Motivated by the above results, we have then obtained the second-order solution to the gravitational field equations, which might represent a physical gravitational wave. Its amplitude depends explicitly on the frequency of the wave—a property typically related to nonlinearity. In contrast to the linear wave, the second-order wave is able to transport energy and momentum. This fact becomes evident if we notice that, at second order, the source energy-momentum tensor is conserved only in the covariant sense; namely, it is not really conserved [15]. This means that, differently from what happens at first order, at second order a mechanical system can lose energy in the form of gravitational waves. Furthermore, although the first-order field is transverse and traceless, the second order is longitudinal. This property can be understood by remembering that gravitational waves are generated, and act on particles, through tidal effects, which arise from inhomogeneities in the gravitational field. The effects they produce on free particles are then found to consist of nonlinear oscillations along the direction of propagation. This is the signature a gravitational wave will leave in a detector, the effect to be looked for.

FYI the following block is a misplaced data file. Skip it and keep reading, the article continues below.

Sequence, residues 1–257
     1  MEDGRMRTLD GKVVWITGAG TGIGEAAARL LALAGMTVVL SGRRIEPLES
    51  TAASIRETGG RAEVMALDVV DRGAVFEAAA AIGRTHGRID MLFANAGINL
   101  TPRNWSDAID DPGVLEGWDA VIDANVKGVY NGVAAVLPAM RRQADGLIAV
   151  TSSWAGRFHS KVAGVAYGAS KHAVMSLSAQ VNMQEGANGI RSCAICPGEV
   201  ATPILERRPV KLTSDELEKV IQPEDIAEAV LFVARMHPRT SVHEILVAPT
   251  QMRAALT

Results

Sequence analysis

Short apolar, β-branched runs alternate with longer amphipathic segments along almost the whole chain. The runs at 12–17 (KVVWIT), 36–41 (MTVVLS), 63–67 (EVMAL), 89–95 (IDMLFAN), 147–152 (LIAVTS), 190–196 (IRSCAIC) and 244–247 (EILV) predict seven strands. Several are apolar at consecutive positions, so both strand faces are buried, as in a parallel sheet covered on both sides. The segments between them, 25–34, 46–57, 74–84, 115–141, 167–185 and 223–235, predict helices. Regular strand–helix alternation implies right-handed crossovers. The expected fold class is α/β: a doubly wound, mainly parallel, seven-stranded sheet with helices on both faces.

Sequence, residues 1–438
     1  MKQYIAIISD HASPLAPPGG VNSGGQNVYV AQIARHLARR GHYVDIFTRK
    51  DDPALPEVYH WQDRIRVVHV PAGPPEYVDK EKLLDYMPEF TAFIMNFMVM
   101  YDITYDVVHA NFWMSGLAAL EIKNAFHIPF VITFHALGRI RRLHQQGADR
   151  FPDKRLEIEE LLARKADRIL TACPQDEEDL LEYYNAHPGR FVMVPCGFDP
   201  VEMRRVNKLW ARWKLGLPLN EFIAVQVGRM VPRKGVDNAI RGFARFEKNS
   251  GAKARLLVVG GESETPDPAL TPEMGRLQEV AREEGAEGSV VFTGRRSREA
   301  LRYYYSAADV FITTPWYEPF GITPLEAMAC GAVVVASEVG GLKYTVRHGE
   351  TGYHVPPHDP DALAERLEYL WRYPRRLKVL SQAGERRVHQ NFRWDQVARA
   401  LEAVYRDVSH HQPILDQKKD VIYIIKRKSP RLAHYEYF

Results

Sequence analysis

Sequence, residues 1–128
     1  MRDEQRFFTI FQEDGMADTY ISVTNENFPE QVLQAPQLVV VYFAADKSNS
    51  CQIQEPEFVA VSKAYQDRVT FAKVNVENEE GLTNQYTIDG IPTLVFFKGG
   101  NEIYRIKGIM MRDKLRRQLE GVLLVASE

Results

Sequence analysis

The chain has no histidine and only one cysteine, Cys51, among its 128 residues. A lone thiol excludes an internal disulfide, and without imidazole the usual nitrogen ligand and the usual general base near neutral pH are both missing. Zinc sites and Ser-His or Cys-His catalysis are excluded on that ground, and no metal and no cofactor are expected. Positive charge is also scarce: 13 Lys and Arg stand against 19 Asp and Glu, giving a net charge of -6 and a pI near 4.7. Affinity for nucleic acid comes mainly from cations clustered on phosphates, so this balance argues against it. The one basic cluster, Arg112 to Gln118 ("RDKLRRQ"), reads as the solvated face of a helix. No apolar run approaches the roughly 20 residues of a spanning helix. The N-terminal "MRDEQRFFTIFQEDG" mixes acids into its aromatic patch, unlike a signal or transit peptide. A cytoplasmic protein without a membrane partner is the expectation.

A crucial point of these waves refer to their frequency. As is well known, the quadrupole radiation emitted by a source propagates with twice the frequency of the source (this has to do with the tidal nature of the gravitational wave generation). However, the linear gravitational wave emerges from the perturbation scheme propagating with the same frequency of the source. To circumvent this problem, one has to artificially adjust by hands the wave frequency (see, for example, Ref. [2], page 105). On the other hand, owing to its nonlinear nature, the second order gravitational wave naturally emerges propagating with a frequency which is twice the source frequency, with the factor “2” coming from the fact that depends quadratically on . This is in agreement with the quadrupole radiation property, as well as with the tidal nature of the gravitational radiation, and is a clear indication that it is not the first-order, but the second-order wave that represents the quadrupole (physical) gravitational wave. It is also important to observe that, due to an explicit additional linear dependence on the source distance , the amplitude of the dominant part of is found to fall off as . Contrary to the usual belief, therefore, which presupposes that second-order effects fall off as , second-order effects are not necessarily neglectful at large distances from the source.